Wednesday, September 22, 2010

Speechless. . .

My best friend, Sarah, has been working on what she called the "Big Secret Knitting Project" for almost 9 months now.

On Saturday at a BBQ that we held to celebrate the final stage in the adoption of our son she handed me a small yellow gift bag.

Inside that gift bag is one of the most beautiful pieces of knitting I have ever seen.

It is Snowflakes in Cedarwoods Shawl, in honor of my little Alaska Baby.

On Sunday the Lion Baby was wrapped in it as the Duke gave him his baby blessing.

Then I wrapped myself in it as I spoke in church (our church has only lay clergy and members of the congregation are asked to give the sermons.)

I didn't know that a shawl could not only keep you warm, but also let you feel loved.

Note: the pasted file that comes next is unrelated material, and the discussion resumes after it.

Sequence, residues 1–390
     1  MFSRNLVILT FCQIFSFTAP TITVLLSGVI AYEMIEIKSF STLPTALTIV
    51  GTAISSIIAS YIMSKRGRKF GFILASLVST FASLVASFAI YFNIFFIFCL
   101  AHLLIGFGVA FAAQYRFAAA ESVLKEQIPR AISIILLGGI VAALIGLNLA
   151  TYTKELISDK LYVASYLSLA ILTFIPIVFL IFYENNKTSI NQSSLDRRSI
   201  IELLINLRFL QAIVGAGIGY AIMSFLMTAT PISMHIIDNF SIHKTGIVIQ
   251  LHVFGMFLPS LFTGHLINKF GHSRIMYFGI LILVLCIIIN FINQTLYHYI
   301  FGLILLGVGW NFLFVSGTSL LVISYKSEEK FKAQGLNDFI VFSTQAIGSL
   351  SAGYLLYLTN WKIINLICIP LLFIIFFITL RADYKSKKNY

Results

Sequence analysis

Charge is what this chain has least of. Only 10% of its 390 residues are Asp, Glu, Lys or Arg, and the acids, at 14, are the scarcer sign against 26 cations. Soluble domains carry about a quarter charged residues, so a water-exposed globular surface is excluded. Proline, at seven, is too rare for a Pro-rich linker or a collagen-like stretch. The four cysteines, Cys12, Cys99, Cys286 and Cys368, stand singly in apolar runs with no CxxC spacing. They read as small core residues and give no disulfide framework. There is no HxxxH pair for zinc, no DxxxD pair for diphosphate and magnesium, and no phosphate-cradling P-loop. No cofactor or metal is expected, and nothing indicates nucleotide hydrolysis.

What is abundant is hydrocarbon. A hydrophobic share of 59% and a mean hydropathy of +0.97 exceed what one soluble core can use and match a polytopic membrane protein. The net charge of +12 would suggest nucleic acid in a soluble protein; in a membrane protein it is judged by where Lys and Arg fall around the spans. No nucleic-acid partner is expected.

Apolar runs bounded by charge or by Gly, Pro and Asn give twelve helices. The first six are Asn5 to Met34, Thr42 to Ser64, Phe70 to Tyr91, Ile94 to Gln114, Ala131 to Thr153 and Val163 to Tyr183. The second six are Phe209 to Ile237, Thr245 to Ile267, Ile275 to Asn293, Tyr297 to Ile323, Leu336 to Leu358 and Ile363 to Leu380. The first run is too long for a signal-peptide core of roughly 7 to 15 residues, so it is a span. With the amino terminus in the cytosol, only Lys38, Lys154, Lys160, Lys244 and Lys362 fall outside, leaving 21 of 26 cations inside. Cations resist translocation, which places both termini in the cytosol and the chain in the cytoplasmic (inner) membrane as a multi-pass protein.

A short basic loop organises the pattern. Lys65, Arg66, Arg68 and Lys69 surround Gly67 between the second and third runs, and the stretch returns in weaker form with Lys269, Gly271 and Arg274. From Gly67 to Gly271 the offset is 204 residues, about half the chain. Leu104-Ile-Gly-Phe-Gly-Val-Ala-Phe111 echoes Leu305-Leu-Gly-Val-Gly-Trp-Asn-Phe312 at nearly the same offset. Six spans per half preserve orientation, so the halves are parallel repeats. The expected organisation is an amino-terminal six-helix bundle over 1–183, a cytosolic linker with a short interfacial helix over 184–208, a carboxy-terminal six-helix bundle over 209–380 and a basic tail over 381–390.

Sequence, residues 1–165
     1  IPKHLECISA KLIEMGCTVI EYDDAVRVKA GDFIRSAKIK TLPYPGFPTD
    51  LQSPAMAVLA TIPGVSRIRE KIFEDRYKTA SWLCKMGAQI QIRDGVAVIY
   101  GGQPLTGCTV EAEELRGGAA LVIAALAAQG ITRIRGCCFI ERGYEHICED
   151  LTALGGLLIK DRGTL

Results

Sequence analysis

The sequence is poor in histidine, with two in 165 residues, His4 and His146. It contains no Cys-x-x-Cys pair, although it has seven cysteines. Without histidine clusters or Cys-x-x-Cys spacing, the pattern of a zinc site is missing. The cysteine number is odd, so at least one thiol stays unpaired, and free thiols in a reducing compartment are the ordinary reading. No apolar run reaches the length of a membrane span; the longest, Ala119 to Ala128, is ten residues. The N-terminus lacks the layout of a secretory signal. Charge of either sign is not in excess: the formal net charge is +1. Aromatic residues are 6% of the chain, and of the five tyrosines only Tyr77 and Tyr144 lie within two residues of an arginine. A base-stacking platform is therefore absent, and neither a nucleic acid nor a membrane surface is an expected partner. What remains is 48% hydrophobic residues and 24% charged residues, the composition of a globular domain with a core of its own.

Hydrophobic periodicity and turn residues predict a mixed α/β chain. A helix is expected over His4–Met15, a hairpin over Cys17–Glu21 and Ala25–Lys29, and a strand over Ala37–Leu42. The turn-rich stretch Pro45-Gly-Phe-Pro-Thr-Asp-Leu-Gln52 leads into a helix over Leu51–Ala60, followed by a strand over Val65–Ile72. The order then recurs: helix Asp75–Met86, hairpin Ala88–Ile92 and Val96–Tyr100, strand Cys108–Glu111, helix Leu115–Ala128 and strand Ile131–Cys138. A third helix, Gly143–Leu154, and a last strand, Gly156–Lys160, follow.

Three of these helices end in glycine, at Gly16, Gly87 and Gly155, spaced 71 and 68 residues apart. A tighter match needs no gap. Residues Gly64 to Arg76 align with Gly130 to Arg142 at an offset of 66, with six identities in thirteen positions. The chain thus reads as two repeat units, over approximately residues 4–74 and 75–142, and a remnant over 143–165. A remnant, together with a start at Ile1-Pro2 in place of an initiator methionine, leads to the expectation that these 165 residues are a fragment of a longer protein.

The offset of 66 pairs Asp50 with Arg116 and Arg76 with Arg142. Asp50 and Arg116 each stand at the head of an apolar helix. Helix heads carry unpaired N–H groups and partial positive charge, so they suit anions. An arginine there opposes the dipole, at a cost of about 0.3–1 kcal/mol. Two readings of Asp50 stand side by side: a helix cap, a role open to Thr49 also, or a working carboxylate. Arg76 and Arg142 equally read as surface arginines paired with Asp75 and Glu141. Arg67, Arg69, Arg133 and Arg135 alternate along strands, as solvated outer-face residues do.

One day I hope the Lion Baby's bride will wear it on their wedding day.

And I hope that Sarah is right there with me as we both bawl our eyes out just like we did in church on Sunday.

Thank you, Sarah.  It is stunning, and you are the best friend a girl (especially a knitter girl) could ever ask for, and the best auntie a Lion Baby could ever want!

Friday, September 17, 2010

A Wreath Commitment (for the children!)

I'm not really a person who decorates for the different holidays and seasons.  It's not that I don't like seasonal decorations, my Mom always had cute decorations for the holidays.  I just have a hard enough time keeping my house dusted and vacuumed.  I don't want my valentines decorations still up at Easter, and I know that is what would happen, so my holiday/ seasonal decorations are minimal, very minimal.